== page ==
Power-Mapping in Practice: A Case Study Using Newstart
How do you build alliances across organisations to achieve common ends? How can you line players up to accomplish a shared purpose?
I’ve written extensively this year about the value of power mapping for change programs and cross-sectoral collaborations. In this newsletter I apply the methodology to a real-life contemporary issue, using open source material in what I term a ‘use-case’ in power.
This use-case focuses on the campaign initiated by the welfare sector to boost the Newstart allowance by $75 per month. I have re-cast the power-interest grids: instead of ‘Interest’ being on the vertical axis (which could be either negative or positive, and which means supporters or detractors have to be colour-coded as such) the new version has Level of Support (Oppose, Neutral or Support) on the vertical axis.
Below is my power map for the current state (August 2019) of the campaign to increase the Newstart allowance. All positionings and ratings are mine.
© Michael Carman 2019
“Nice power map” I hear you say, “but what does this tell us?”
The really striking feature of this power map is that, apart from the PM and Cabinet, there is no opposition! Every other player is ‘above the line’ providing support in varying degrees to the Newstart increase: it is only Cabinet which is holding out against a broad array of stakeholders from business, politics, the media and the welfare sector. This in itself is instructive for the proponents of the campaign; it’s useful to know because it means subsequent efforts should focus on marshalling the support which is already there, rather than drumming it up.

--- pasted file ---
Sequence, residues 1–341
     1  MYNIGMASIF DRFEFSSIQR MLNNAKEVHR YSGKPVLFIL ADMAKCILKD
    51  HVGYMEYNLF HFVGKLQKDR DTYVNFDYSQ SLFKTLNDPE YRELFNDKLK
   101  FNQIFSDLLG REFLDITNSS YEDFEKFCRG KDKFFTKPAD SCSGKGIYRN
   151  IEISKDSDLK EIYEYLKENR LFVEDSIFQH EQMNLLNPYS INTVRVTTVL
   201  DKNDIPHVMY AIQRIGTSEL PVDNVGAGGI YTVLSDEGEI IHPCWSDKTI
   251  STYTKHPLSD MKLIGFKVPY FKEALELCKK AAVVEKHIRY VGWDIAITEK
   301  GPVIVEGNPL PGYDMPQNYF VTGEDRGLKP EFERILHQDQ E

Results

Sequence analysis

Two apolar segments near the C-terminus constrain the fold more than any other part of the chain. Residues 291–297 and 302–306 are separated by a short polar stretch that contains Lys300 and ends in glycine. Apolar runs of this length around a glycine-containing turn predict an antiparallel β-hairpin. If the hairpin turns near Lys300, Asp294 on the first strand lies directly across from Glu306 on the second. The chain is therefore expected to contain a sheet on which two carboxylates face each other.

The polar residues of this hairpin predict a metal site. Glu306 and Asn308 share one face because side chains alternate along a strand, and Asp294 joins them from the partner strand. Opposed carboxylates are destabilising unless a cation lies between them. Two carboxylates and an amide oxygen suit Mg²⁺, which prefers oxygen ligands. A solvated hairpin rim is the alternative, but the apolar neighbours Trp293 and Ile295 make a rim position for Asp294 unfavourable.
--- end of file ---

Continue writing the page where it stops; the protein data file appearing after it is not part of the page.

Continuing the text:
What Next? Pathways of Power
The ultimate goal is obviously to move the PM and Cabinet to a position of support for the Newstart increase. The map below depicts this, along with a plausible set of influences to be marshalled to that effect:
Note the ‘chain of influence’ from left to right by which the disempowered utilise the power of those who have it. This speaks to the point made clearly by one of the most prominent expounders of stakeholder analysis, John Bryson, when he wrote ‘…the knowledge gained from the use of such a grid can be used to help advance the interests of the relatively powerless’.
I see two principal sets of ‘pathways’ bearing on the ultimate decision-makers for the Newstart increase. One is from Federal Parliamentarians, encompassing the Opposition, the minor parties, but particularly from within the Coalition itself; the other pathway is from the media (both broadsheet and tabloid). Pressure could be brought to bear from both these sources in a coordinated (and sequenced) fashion to provide a continuous and ever-louder chorus of support.
This is the most potent use of stakeholder mapping: to coordinate players and build alliances across sectors for joint purpose. Mapping the stakeholders in this way also has value in shedding light on the key strategic issues confronting the campaign, which on the basis of the above would be:
- What new and interesting ‘angles’ can we take to feed MPs and the media to keep this issue on-the-boil? and
- How can Cabinet implement the increase to Newstart and still save face?
Power Mapping Learnings
This brief use-case provides clues on how to most effectively use power maps … here are three takeaways:
- It’s vital to start with the current state (‘as is’) and plot where stakeholders sit now, before any (further) interventions are made. As participants in my workshops have heard me say ad nauseam ‘A problem well-defined is a problem half-solved’
- It’s also critical to be clear about what it is you’re mapping (support for what on the vertical axis?) and the players who ultimately need to be moved, and to where (to positions of support, opposition or neutrality) to accomplish a particular goal
- Don’t neglect the left half (low power) of the grid: those on the left half can provide ready supplies of stories which serve as ammunition for those allies on the right half (say, in Parliament, or the media, or both…). Or they might provide a mass of voices which, when mobilised, add weight and volume to a change effort.
I hope this use-case gives you some insight into the potency and effective use of power mapping, which can also be applied for change programs, corporate social responsibility efforts, or by peak bodies and industry associations to engage their members. Expect to see more of these use-cases in coming months…
John M. Bryson (2004) ‘What To Do When Stakeholders Matter: Stakeholder Identification and Analysis Techniques’ Public Management Review Vol. 6, Issue 1 at p.31.
© Michael Carman 2019